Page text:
ABC’s No Ordinary Family joins the ranks of The 4400 and Heroes by bestowing fantastical abilities to ordinary television archetypes. Indeed, the title is only a half-truth. Sure, most families cannot spy on your thoughts or outrun a bullet train but trust me: you’ve seen these people before.
Michael Chiklis (The Shield) plays patriarch Jim Powell, a police sketch artist who is still waiting to live the dream, though I’m not clear if that means being on display at MOMA or expensing donuts. He has essentially found a way onto the bottom rung of two completely different professions at the same time, so I guess he has some right to be a bit downtrodden.
Jim’s wife Stephanie (Julie Benz, Dexter) is a respected scientist at a place that does respectful science. His daughter Daphne (Kay Panabaker) is exactly what you imagine when I say ‘high school girl with a monumental texting plan.’Son JJ (Jimmy Bennett, Star Trek) is a mildly outcast youth with a learning disability that can only be overcome by healthy doses of green Amazonian phosphorescence.
The pilot episode of No Ordinary Family wastes absolutely no time initiating the origin story of the Powells. Jim wants to take a trip to bring the family together. They get on a rickety plane in Brazil. It goes down in the Amazon River, where some strange green glowing goo envelops our heroes. The pilot dies but the family survives. Cue title card.
This entire sequence of events was a bit haphazard and could have benefited from utilizing the entire length of the pilot, rather than just the first few minutes. Also awkwardly presented is the family’s return home after the most traumatic event of their entire lives. Everything is completely status quo. Stephanie walks through the door on her cell phone talking business, Daphne is texting, and JJ is playing his PSP. There is not even a moment of ‘Our plane crashed in a remote South American river and we watched our pilot die and we escaped and were left shivering in the jungle for an undisclosed period of time during which all manner of unholy atrocities were imposed upon us. Home sweet home!’
Then they continue on with their lives, and no one else seems to care about their brush with death. Jim’s coworkers still subtly degrade him, Daphne only gets a cursory expression of relief about her safety from her boyfriend, and Stephanie gets openly mocked by a co-worker in a board room meeting.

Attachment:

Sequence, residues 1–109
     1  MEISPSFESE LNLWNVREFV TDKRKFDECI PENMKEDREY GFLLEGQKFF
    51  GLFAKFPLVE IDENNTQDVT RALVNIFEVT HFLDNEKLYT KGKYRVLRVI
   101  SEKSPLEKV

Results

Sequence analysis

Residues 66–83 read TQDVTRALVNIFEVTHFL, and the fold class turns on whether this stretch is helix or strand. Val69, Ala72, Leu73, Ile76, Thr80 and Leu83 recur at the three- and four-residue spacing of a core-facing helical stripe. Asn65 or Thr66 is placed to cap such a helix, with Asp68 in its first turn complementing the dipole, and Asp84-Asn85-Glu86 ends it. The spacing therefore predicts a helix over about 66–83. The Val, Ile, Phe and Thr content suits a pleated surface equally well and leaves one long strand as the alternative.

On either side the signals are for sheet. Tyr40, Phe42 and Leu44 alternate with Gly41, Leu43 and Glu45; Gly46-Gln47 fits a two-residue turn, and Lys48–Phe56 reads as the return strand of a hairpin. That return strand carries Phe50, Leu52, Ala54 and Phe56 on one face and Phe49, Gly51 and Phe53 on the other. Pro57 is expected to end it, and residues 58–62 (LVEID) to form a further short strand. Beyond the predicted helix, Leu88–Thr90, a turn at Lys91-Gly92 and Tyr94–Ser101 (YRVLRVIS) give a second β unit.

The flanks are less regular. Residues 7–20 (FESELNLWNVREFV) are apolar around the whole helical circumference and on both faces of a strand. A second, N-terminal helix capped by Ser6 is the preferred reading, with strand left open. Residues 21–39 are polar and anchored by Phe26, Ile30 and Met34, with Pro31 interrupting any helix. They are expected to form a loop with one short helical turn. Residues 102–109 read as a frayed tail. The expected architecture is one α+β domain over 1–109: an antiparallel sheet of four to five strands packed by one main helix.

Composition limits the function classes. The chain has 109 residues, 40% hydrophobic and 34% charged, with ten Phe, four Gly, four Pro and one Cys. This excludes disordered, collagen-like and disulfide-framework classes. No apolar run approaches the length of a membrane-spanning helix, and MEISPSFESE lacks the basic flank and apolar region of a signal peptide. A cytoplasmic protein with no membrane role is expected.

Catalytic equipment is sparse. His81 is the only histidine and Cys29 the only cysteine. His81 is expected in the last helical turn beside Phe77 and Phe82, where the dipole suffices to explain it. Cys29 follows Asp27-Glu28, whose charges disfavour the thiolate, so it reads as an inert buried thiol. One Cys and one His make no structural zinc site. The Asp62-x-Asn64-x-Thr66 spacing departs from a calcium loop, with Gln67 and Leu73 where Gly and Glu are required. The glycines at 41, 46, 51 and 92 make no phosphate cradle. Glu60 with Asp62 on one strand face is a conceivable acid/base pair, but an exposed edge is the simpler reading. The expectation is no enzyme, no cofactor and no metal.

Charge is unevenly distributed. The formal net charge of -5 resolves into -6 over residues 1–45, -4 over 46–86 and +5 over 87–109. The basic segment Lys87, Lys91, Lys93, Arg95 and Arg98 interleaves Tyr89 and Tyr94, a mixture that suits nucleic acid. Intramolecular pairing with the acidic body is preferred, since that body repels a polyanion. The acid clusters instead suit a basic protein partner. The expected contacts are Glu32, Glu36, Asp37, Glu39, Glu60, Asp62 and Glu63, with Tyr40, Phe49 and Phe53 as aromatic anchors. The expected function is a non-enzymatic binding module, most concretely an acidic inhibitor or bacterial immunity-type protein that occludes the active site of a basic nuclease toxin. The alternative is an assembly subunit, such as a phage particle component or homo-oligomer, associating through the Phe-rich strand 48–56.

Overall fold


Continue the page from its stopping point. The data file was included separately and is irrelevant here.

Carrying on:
Thankfully things start to pick up when the family begins to discover their powers. Jim learns of his super strength when he catches a bullet fired inside the precinct. Stephanie surprises herself with super speed when leaving the office. Daphne starts hearing people’s thoughts during a basketball game. JJ mopes for a while, but that’s not his ability. No, it appears that JJ’s true ability is smarts. He begins seeing the answers to math equations during a test that he clearly didn’t know beforehand. Let’s take a moment and break this down…
Jim’s power is super strength and the ability to jump really high. Sure, some genetic mutation could make this happen. Stephanie can run really fast. I’ll buy that. Daphne can read minds. The mutation has opened her up to utilize parts of her brain that normal humans cannot in order to communicate telepathically. I’m still with you, NOF.
But how can a genetic mutation instill in someone the knowledge of something that they don’t already know? Albert Einstein had to be taught the alphabet. It’s not inherent knowledge because man created it. So how can this mutative ability make JJ see equations and numbers that are not natural, but manmade constructs? On the other hand, I suppose one could argue that the power gives him the tools to process information better. He has a learning disability that robs him of the ability to follow formulae and the power compensates for that.
Now that I’m done picking apart this pilot I’ll say that it does have quite a lot going for it. It has a much lighter tone than something like Heroes and should be easy in which to settle. Chiklis and Benz are likeable in their roles, and the kids will surely develop over time. We’re also introduced to a villain who displays powers, so it’s nice to know that the show won’t just be about overpowered people fighting underpowered schlubs.
As I mentioned earlier, this episode would have certainly benefited from a tighter focus, specifically on the time spent in the Amazon. Things certainly felt rushed here, and by the end we had established everyone’s power, the new family dynamic, and a big bad that will surely provide plenty of villainy and dimly lit rooms. I’m intrigued to see what adventures await the Powells, and now that we have dispatched with the formal introductions I believe we’re in for a fun time.
You realize that genetic mutations are the heart and soul of 95% of heroes with super powers…right? X-Men, Spider-Man, Heroes…by being sarcastic about it being hard to follow, you’re just showing how naive you really are. You’re acting like genetic mutations as the source of a hero’s powers is original source material, and NOF is kind of silly for coming up with such a hard to follow, unbelieveable plot element. There are dozens of characters in the Marvel universe who have the ability to process things like math and science because of their genetic mutation and super power. Go read a comic book, or buff up on your superhero knowledge before you pick apart a superhero show.